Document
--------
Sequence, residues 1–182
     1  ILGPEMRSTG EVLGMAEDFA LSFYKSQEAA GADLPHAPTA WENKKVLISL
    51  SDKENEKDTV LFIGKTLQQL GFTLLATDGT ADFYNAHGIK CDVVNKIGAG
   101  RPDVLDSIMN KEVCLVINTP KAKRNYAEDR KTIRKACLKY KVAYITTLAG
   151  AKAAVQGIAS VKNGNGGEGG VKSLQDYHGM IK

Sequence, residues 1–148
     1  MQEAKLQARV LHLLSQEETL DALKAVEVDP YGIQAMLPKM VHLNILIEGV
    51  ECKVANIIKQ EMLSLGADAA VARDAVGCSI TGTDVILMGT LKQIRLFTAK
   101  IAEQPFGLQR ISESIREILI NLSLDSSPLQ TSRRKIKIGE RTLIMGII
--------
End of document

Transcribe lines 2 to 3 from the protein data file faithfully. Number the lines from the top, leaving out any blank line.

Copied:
     1  ILGPEMRSTG EVLGMAEDFA LSFYKSQEAA GADLPHAPTA WENKKVLISL
    51  SDKENEKDTV LFIGKTLQQL GFTLLATDGT ADFYNAHGIK CDVVNKIGAG